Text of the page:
Every October, we think pink.


For 31 days (or more), we stand up to cancer. We have telethons. We have fundraisers. We see pink products on every shelf in every store and pink tape covers football players uniforms and cleats. We have scarves and walkathons and pins and more. In the CrossFit world, we hold Barbells for Boobs. Breast Cancer Awareness. It’s an extremely important cause and the attention brought to it during these few weeks each year is invaluable. We come together to fight.

However, the number one killer, number one, only gets one week in February. For women specifically, one day. It gets one ‘National Day’ that most people don’t even know about. What is this silent killer I speak of?

Heart disease.


That’s right. Heart disease is the number one killer of women. More than ALL ‘womens’ cancers.

For the next several months, I will be putting up some info for you on heart health. Not only do we lack a focus on women’s heart health, but the nutritional information we are given about how to keep our tickers healthy leaves much to be desired. Low fat, low calorie, high in refined grain and industrial seed oils. It’s CLEARLY not working.  Unfortunately not only are we seemingly in the dark about the insane prevalence of heart disease in American women, we’re also grossly misinformed about the nutritional routes to take in order to protect our hearts. Heart-healthy diets promoted, even by those with the best of intentions, are often very wrong and not up to date with current science. 

In November 2006, heart disease came into my life with a fury. My mother was a healthy person by all accounts. She ate the low fat, whole grain based diet that her doctor suggested. She spent an hour on the elliptical most days. Sure, she had been feeling a little tired lately but what working woman isn’t?  We would later find out that this ‘normal fatigue’ was the sign we missed. On Nov 17, she went to bed, and my family changed forever. Dilated Cardiomyopathy resulted in sudden cardiac arrest and my fascination with women’s heart health began. In looking into the thing that silently and suddenly killed my mom, I found that not only was this something that was playing a role in my life, but played a role in the lives of millions. Why had I never heard this before? Why had no one told me about it? How is it possible that we were never told that it was heart disease that was going to be our most likely battle? How could we be left so in the dark? 

Heart disease kills more women than anything else every year: 8.6 million worldwide to be exact.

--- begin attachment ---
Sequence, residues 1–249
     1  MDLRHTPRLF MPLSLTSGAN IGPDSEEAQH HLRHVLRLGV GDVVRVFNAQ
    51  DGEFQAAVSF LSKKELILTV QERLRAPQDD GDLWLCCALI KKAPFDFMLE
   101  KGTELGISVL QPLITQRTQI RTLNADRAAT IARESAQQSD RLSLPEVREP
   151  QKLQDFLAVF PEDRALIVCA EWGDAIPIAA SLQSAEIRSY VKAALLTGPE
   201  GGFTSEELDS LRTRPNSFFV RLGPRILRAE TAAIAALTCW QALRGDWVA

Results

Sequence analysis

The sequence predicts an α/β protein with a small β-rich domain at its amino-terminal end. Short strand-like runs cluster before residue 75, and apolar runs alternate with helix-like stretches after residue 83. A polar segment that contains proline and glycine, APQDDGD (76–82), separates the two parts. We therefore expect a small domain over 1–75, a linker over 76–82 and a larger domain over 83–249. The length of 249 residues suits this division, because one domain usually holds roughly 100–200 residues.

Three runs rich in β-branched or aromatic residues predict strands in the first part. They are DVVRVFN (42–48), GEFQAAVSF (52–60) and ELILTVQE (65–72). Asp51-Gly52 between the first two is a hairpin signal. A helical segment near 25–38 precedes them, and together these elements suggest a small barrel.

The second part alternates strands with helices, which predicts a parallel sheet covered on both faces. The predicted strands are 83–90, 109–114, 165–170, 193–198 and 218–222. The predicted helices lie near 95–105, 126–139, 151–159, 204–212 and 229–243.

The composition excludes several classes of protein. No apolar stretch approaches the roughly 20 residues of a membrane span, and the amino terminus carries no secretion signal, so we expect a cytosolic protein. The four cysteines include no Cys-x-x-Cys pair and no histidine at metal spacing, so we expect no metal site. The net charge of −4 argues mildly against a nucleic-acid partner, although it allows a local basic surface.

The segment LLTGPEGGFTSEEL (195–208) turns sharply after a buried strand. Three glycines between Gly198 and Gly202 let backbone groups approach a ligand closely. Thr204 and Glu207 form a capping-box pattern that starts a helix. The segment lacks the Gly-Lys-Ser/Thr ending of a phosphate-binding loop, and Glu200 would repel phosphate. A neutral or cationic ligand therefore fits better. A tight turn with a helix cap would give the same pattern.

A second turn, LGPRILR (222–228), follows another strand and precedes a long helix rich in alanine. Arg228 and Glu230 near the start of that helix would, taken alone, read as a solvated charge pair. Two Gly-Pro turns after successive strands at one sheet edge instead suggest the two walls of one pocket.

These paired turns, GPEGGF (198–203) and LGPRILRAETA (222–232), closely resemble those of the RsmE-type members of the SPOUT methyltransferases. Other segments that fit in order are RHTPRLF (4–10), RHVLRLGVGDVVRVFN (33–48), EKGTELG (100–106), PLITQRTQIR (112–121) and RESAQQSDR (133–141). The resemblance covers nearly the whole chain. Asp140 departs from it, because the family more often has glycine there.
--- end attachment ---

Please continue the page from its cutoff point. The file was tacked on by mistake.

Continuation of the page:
Almost 300,000 women in the US die each year from heart attack (267,000+) or heart failure (32,000+).
Just to put it into context: That’s SIX TIMES the number taken by breast cancer.

Heart attack and disease is often thought of as a men’s health issue. The facts, though, tell a different story:

– Almost 32,000 women die from congestive heart failure each year. This accounts for over 60% of heart failure deaths.

– 8 million women in the US are currently living with heart disease.

– Under age 50, heart attacks are twice as likely to result in death in women than in men.

– 43% of women who suffer a heart attack will die within one year, compared to 24% of men.

Why don’t we pay attention?  How did we miss this?

Every year I think to myself, how I want to do something to bring more attention to this. We see streets, stores, NFL Teams, all turn pink for a month every year…yet heart disease gets maybe a few people wearing red one random day in February. It doesn’t add up. When I tell people that it’s heart disease that causes the most death – they’re shocked. Nobody seems to know about this. It needs to change. We need to stand up and fight for our hearts.  I want to do everything in my power to make sure that heart disease does not enter my life. That I do what is necessary to keep my heart healthy.  Learning about what foods I can eat to support it, exercising in a way that strengthens it, educating myself…it’s all great for me…but I want to, need to, spread the word.

One of the most frustrating things about the high level of heart disease in the US is that much of it is largely preventable through lifestyle changes. The basic things we all know about: regular exercise and a diet rich in nutrients (yes, including healthy fats from both plants AND animals). There’s also stress management and knowing your family history so that you can actually talk with your practitioner or physician about what you, personally, can do for your heart health. Years after my mom died, I found out that 50% of all Dilated Cardiomyopathy is hereditary (it can also be caused by a virus). It was brought to our attention after my youngest sister was asked when her last echocardiogram was, and the fact that she said, ‘I’ve never had one’, shocked her new doctor, that my sisters and I all went to get them. In the end, we’re all good, but it was an important part of knowing our heart health that was being left out due to our family physicians oversight.

Know your history.

Talk with your doctor.

Get your heart pumping regularly.

Eat real food.

Stay healthy and keep your heart strong.



*Numbers via WomensHeart.org, TheHeartFoundation.org, and World-Heart-Federation.org.